Zinbryta (Daclizumab) for Multiple Sclerosis

Zinbryta (daclizumab), a humanized monoclonal antibody produced by Biogen and AbbVie, is an approved treatment for relapsing multiple sclerosis (RMS) in the U.S. and in Europe.

How Zinbryta works

Zinbryta is a formulation of a monoclonal antibody against the CD25 subunit of interleukin 2 (IL-2) receptors. These receptors are highly expressed on reactive T-cells in MS patients. By selectively targeting the T-cells with CD25, Zinbryta prevents the expansion of CD25-positive, autoreactive T-cells. It further promotes the activity of CD 65-positive natural killer cells, which clean up the already activated CD25-positive T-cells. Therefore, Zinbryta both stops and prevents inflammation caused by CD25-positive T-cells.

In the high-yield formulation, Zinbryta is intended to be administered subcutaneously (beneath the skin) once every four weeks. At this dose, Zinbryta binds to all CD25 receptors within 10 hours and remains bound for 64 days.

History of Zinbryta

Daclizumab was originally pursued for the treatment of acute organ rejection in patients with kidney transplants by Roche under the trade name Zenapax. The medication was available in the U.S. and European Union, but it was withdrawn for commercial reasons. Daclizumab is now called Zinbryta for use in RMS patients. Two clinical trials, DECIDE (NCT01064401) and SELECT (NCT00390221), formed the basis of the biological licence application (BLA) submission to the U.S. Food and Drug Administration (FDA) by Biogen and AbbVie.

The SELECT study compared the effect of different doses of daclizumab (300 mg and 150 mg) to placebo over a one-year period in participants with RMS and showed that the lower dose of daclizumab (150 mg) reduced the relapse rate by 54% compared to placebo.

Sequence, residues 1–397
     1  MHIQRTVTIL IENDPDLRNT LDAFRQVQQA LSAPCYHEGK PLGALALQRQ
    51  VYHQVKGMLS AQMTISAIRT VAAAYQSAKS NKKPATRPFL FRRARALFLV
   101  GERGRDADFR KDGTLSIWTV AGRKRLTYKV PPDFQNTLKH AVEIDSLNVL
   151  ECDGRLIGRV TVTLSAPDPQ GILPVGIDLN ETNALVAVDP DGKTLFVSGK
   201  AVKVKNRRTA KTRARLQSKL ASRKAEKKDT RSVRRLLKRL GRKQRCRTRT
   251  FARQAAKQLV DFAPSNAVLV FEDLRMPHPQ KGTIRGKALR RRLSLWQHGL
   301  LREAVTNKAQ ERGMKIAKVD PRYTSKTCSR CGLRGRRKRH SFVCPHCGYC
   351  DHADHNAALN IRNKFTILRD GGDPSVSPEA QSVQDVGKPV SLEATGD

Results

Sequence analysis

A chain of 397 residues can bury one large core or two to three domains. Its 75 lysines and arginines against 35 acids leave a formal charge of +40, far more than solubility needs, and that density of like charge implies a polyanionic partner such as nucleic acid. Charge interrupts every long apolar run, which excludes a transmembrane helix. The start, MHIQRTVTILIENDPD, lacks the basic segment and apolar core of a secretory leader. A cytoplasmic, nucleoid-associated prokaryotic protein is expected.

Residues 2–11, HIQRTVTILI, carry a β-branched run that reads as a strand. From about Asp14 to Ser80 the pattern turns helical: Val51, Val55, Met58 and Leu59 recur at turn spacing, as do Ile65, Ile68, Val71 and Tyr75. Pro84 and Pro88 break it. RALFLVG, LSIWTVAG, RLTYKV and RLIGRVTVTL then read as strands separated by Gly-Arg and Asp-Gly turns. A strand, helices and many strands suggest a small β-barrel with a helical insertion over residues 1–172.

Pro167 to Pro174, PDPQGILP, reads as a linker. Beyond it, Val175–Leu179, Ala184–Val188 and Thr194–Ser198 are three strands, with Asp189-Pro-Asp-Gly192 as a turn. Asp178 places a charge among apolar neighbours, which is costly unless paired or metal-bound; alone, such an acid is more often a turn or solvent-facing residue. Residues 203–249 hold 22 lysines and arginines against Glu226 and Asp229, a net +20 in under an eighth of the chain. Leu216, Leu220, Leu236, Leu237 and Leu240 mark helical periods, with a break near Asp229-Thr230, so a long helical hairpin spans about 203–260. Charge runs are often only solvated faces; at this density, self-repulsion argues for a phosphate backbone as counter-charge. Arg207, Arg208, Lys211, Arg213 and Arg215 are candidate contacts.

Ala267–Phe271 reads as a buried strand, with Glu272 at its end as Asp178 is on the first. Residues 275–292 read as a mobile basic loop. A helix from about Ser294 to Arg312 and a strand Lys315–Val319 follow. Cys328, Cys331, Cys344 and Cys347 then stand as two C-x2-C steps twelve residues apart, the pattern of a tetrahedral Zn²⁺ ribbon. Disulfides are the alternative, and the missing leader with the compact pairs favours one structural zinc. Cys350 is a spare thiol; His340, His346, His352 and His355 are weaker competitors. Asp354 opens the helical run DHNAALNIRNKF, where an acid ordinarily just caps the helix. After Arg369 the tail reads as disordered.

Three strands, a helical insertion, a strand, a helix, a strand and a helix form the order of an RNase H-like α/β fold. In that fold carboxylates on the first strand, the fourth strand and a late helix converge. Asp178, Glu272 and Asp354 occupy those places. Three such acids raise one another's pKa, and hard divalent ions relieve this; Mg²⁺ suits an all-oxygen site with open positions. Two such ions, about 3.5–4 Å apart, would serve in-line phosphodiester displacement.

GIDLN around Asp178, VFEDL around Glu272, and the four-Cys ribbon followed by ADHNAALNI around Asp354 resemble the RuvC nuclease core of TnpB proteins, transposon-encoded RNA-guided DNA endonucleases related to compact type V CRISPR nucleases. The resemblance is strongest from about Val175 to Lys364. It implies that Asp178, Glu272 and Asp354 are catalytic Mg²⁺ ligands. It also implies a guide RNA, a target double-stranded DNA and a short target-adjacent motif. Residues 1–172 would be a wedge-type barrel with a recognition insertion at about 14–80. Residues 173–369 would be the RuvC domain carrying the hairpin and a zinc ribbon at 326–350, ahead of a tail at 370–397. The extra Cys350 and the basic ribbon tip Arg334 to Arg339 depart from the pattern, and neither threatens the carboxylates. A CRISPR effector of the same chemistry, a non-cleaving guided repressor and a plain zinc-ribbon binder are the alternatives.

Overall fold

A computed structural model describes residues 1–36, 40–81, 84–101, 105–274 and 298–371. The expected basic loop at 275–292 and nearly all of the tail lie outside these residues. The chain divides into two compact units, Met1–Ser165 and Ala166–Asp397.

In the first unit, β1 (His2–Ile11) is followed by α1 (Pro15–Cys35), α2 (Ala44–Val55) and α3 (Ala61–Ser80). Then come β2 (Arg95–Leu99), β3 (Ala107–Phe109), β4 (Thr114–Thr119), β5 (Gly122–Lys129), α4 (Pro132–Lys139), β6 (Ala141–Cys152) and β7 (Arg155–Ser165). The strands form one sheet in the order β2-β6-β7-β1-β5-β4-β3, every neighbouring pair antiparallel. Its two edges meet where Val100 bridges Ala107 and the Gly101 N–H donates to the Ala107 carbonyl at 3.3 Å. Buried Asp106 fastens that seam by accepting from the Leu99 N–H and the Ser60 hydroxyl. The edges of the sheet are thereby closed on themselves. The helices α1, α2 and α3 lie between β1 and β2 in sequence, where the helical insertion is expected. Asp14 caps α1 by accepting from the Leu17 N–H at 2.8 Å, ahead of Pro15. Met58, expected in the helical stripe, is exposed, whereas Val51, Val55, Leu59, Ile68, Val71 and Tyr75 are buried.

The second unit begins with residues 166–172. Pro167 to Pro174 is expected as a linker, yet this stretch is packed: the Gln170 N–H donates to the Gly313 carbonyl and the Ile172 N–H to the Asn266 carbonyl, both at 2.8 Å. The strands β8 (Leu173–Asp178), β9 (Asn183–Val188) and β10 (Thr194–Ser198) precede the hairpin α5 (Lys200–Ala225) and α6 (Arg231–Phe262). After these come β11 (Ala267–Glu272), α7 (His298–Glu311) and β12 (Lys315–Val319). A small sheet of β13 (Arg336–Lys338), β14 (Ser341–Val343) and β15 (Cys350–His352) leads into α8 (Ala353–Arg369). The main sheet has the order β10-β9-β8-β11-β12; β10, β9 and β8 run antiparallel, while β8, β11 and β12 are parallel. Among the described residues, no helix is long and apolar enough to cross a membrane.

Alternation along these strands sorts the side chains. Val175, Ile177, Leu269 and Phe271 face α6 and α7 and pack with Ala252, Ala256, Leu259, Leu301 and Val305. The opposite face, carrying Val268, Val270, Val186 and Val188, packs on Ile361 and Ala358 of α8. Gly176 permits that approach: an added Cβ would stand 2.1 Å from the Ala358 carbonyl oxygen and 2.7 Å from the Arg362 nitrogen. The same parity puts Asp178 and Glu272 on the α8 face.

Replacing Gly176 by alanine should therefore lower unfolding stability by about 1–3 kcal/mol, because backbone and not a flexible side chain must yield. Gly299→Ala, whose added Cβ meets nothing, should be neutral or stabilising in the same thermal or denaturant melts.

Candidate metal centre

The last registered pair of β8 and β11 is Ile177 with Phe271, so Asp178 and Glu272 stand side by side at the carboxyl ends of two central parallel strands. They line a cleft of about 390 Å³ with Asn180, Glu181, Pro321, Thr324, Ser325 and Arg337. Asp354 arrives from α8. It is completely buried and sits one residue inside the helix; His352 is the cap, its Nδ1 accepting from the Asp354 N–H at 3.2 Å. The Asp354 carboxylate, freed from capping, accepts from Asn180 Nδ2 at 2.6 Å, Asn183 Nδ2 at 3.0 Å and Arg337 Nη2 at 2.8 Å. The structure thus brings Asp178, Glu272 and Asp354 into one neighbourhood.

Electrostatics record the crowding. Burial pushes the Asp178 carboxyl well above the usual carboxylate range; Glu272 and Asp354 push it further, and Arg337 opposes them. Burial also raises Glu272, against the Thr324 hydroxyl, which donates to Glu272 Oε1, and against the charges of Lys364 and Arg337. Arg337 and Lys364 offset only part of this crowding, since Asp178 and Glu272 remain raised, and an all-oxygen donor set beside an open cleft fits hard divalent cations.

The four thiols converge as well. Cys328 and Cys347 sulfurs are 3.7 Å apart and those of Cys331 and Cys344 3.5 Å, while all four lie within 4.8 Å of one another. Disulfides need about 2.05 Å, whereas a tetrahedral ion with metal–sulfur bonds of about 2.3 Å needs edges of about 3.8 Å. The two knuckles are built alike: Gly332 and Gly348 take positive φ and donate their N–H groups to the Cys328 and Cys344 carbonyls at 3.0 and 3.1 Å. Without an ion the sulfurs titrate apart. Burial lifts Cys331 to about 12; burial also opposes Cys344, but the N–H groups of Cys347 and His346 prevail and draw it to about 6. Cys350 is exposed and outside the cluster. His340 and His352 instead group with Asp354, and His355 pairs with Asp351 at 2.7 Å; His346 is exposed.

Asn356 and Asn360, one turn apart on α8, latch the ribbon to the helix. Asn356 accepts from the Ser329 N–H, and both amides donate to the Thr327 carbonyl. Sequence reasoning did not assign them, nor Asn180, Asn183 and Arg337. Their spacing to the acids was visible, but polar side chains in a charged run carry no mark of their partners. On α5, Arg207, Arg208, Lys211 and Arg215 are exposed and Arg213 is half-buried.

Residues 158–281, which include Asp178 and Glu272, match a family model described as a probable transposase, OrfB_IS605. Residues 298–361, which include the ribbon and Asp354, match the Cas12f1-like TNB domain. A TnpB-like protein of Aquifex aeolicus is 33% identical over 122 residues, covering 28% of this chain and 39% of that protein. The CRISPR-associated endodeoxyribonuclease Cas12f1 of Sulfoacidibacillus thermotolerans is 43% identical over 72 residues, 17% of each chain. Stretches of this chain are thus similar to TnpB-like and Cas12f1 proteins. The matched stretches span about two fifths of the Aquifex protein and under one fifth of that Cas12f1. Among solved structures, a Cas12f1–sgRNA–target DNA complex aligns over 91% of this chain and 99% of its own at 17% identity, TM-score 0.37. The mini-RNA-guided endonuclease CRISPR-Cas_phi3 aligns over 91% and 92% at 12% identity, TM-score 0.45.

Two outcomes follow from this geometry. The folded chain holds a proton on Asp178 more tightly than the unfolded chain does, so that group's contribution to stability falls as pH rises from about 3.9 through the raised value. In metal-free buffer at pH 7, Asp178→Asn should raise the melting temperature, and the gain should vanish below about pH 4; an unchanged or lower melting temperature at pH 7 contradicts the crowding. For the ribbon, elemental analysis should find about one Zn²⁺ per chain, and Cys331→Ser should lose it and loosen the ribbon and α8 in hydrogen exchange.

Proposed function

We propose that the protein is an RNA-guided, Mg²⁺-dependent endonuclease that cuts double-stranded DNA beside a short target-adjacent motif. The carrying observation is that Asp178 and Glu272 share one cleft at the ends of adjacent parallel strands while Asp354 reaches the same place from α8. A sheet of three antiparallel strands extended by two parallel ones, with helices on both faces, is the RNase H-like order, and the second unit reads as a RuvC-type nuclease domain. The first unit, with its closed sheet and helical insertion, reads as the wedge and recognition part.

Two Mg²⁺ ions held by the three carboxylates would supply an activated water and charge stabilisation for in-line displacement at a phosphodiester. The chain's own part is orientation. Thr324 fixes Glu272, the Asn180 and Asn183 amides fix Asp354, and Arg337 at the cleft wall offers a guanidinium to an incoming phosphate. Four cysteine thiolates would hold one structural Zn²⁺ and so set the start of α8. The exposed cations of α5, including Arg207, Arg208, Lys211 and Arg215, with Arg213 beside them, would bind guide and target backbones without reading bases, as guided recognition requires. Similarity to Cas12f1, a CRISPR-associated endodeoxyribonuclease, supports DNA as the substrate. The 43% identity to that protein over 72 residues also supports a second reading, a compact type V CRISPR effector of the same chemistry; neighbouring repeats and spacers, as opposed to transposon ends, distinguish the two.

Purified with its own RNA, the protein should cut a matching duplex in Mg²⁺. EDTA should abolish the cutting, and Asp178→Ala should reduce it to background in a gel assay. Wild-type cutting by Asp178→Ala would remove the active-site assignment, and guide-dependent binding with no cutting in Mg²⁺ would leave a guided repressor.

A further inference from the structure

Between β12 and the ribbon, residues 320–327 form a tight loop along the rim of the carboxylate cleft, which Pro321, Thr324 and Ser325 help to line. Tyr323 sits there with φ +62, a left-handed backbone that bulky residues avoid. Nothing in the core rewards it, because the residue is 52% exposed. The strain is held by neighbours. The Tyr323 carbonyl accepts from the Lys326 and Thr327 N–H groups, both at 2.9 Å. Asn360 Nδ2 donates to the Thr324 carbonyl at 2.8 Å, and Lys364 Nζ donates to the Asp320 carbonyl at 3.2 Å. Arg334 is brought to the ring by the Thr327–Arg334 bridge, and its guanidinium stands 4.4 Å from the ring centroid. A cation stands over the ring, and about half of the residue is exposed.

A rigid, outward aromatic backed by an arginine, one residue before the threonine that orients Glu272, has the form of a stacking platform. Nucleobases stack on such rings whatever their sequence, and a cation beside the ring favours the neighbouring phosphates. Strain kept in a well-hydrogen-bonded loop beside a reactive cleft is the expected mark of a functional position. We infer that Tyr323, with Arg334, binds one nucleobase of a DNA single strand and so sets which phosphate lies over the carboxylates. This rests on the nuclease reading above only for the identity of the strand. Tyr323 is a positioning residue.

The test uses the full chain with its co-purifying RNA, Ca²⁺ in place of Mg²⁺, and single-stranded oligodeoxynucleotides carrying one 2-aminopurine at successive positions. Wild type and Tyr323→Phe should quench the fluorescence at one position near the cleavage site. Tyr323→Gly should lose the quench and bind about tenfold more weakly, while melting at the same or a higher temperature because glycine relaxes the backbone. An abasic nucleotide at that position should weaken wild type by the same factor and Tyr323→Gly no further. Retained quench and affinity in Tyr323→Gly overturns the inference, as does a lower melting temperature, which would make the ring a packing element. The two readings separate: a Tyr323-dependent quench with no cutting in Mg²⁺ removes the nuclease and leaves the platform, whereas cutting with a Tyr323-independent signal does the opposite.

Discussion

DECIDE, a Phase 3 study involving 1,841 participants with RMS, showed that Zinbryta reduced the rate of relapses by 45% and also decreased the activity of the disease, as observed in MRI scans, over 144 weeks compared to Avonex, another drug approved for the treatment of RMS.

Next steps for Zinbryta

The FDA accepted Biogen and Abbvie’s BLA for Zinbryta for RMS, and Zimbryta was officially approved by the FDA on May 27, 2016.

The European Medicines Agency (EMA) also validated the Marketing Authorization Application for Zinbryta for the treatment of RMS, and a review process by EMA’s Committee for Medicinal Products for Human Use (CHMP) began in March 2015. About a year later, in April 2016, CHMP adopted a positive opinion, recommending marketing authorization in Europe for  Zinbryta to treat RMS.

The EMA eventually approved Zinbryta for the treatment of adult patients with RMS in July 2016.

The decision was followed by the National Health Service (NHS) in England and Wales in March 2017 and by the Scottish Medicines Consortium (SMC) on April 10, 2017.

In England and Wales, Zinbryta is indicated for the treatment of RMS in patients who have relapses while taking one of the other available disease modifying drugs, and for the treatment of rapidly evolving RMS when there were two or more relapses in the previous year as measured with magnetic resonance imaging (MRI).

In Scotland, Zinbryta can be prescribed for rapidly evolving severe RMS, or RMS with inadequate response to disease modifying therapy.

The benefits of Zinbryta in patients with secondary progressive MS (SPMS) have also been investigated, by PDL BioPharma, in 2008. Eight percent of the patients enrolled in a Phase 2 clinical trial (NCT00109161) had SPMS (the other 92% had RMS).

Other Zinbryta info

Zinbryta has a black box warning about the potential for severe liver injury, including life-threatening and fatal events. Therefore it is highly recommended that liver function is monitored before starting and during treatment with Zinbryta. Common side effects include skin rash and elevated liver enzymes.

Note: Multiple Sclerosis News Today is strictly a news and information website about the disease. It does not provide medical advice, diagnosis, or treatment. This content is not intended to be a substitute for professional medical advice, diagnosis, or treatment. Always seek the advice of your physician or other qualified health provider with any questions you may have regarding a medical condition. Never disregard professional medical advice or delay in seeking it because of something you have read on this website.

Dancing Doodle

Did you know some of the news and columns on Multiple Sclerosis News Today are recorded and available for listening on SoundCloud? These audio news stories give our readers an alternative option for accessing information important for them.

Listen Here